The example code below connects to Couchbase, queries the Stellar Horizon service and that parses out each trade and stores it into its own document. The document keys are set to the trade ID plus a timestamp which is meaningless for us but helps us have unique document keys.

(The last function explicitly add the XLM asset code field in cases where it is missing, because when it’s a native asset type is leaves asset code blank, which makes it confusing.)

The resulting set of documents are processed for the trades where the base is USDC and then again using the URL that fetchs XLM to USDC trades.

There will now be 20 documents in the Couchbase Stellar bucket:

Couchbase Stellar Trade Documents

Couchbase Stellar Trade Documents

Querying Stellar trades in Couchbase

Using N1QL (SQL for JSON) language we can now easily querying from our list of trades.

First, we create a basic index for the documents using the Query tab and running this query:

In a larger scale example you would want to create secondary indexes on the fields you are interested in querying. But with this small set of documents, don’t worry about it.

Now we can run the actual query. In this query we use some basic functions to convert types, reformat the date, and select the values we are interested in. All the documents are JSON formatted and any query will default to showing you the source JSON matches, as shown here:

Couchbase Query of Stellar Trades in JSON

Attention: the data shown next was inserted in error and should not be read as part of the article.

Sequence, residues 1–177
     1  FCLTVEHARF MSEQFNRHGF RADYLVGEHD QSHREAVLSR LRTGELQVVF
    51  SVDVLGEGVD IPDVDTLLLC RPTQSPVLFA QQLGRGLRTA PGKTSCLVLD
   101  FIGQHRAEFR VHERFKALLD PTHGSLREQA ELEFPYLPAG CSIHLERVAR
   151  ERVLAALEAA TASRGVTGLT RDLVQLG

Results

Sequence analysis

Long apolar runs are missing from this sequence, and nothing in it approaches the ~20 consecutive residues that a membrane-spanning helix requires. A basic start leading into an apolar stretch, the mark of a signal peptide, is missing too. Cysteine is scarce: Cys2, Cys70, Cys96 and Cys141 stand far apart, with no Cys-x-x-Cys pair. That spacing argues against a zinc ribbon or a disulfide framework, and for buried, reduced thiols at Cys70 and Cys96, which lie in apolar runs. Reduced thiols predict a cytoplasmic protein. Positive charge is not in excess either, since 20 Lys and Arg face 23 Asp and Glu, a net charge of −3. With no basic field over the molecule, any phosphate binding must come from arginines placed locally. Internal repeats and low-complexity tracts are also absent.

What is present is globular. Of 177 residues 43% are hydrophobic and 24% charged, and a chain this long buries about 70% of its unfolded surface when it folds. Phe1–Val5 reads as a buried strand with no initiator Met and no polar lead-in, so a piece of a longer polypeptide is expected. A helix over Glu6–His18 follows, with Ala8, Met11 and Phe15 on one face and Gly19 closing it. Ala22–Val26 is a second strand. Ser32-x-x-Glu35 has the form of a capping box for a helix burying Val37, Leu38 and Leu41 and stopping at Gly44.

Couchbase Query of Stellar Trades in JSON

Select the Table button above the results to show it in a more structured manner:

Couchbase Query Stellar trades shown in a table

Couchbase Query Stellar trades shown in a table

The table can be easily sorted. The Chart button can now also be used because we have a good field for the X-axis (date) and Y-axis (base or counter amounts). Select the options after choosing the Chart button as shown here:

Couchbase query of Stellar trades shown in a chart

Couchbase query of Stellar trades shown in a chart

This is a simple yet effective way to dig further into your data.

What else can we do?

So far we’ve kept the examples very simple – fetch some Stellar account and trade details and store them in Couchbase NoSQL documents. This is just the tip of the iceberg!

In future posts, we’ll show some more examples of various types of document joins and investigate further into understanding the value lost or gained from doing the above trades.

For now, you can try tweaking the query by accessing the price objects and see what calculations can help you discover on profit/loss. (Hint: the price object has a numerator and denominator in it and can be accessed as a field using price.n and price.d in the query.)

What next?

Here are some additional links to read up on the topics we discussed:



Posted by Tyler Mitchell

Works with Couchbase Product and Product Marketing teams to bring new posts on NoSQL topics. Tyler has worked in diverse roles as a Product Manager (SDK, Full-Text Search) and now for the Product Marketing team. See LinkedIn for more details on books he's written and other roles in the database ecosystem.

Leave a reply